Jjewish Organizations Urge Congress to Eliminate Racism from U.S. Immigration Laws
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Jjewish Organizations Urge Congress to Eliminate Racism from U.S. Immigration Laws

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Elimination of racism from U.S. immigration law was urged upon Congress today by the American Jewish Committee, American Jewish Congress, Anti-Defamation league of B’nai B’rith, Jewish Labor Committee, Jewish War Veterans, and Union of American Hebrew Congregations, and twenty-seven Jewish community councils throughout the country.

Through their coordinating body, the National Community Relations Advisory Council, these organizations, in a letter to Senator Pat McCarran, chairman of the Senate Judiciary Committee, expressed the hope that the Senate would act favorably on the Judd Bill, already passed by the House, cutting out three “discriminatory provisions,” The bill would set up quotas for the first time “for natives of various Asiatic and Pacific Ocean territories hitherto barred from entering this country, and would remove all racial qualifications for naturalization.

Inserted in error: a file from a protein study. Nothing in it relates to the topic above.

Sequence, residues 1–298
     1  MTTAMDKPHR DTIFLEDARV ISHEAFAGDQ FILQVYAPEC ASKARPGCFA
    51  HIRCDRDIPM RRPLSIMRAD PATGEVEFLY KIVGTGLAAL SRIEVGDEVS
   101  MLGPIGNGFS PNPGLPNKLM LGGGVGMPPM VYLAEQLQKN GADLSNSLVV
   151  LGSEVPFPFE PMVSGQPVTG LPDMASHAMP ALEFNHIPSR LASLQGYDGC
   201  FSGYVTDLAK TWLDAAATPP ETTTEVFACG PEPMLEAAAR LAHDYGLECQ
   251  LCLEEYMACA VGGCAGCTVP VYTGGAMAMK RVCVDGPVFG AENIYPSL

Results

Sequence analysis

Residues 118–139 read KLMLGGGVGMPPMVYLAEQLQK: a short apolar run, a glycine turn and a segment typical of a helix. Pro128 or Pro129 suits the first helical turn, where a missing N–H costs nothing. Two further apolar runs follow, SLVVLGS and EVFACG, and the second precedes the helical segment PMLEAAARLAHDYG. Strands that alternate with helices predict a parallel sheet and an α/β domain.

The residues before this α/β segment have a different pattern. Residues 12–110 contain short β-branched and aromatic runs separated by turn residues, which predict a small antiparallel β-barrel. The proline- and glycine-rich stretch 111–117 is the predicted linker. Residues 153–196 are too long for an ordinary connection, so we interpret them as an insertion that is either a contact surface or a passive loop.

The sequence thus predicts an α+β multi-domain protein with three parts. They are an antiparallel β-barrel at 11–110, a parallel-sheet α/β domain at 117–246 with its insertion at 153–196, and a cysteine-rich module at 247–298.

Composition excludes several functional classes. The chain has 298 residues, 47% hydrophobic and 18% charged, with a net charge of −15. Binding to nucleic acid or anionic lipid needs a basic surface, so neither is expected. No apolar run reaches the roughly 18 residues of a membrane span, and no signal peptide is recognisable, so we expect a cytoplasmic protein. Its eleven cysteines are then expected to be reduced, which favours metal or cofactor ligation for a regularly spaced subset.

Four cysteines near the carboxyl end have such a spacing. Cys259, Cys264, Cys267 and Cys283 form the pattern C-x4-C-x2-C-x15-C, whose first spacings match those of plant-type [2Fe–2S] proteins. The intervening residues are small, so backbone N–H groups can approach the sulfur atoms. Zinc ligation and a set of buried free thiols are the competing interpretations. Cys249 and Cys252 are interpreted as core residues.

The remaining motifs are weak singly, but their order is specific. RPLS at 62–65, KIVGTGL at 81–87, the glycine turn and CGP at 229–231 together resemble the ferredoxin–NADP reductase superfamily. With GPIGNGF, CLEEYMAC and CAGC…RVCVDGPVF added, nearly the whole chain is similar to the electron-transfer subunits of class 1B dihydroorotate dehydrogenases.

In their letter, copies of which went to the majority and minority leaders in Both Houses and to the full membership of both the Senate and House Judiciary Committees, the groups commended the Judd Bill as “a long step in the direction of freeing our immigration laws from discrimination on untenable grounds.” However, they declared, “everything in American tradition rebels against one provision of the bill which would classify certain Asiatic peoples by race or ancestry, regardless of their place of birth,” For example, they pointed out, “a person of Siamese ancestry born in a South American country would be charged to the quota for Siam.”

The groups also voiced opposition to a provision reducing immigration from the West Indies to 100 per year. The bill does this by setting up a quota of 100 each for all “colonies,” regardless of size. At present, colonial peoples come under the quotas of their parent countries, and some 80,000 West Indians have immigrated to the U.S. during the past 25 years.

The third provision considered discriminatory by the Jewish organizations is one requiring the wives and minor children of naturalized American citizens, now admitted as non-quota immigrants, to come in as preferential immigrants under the new quotas.

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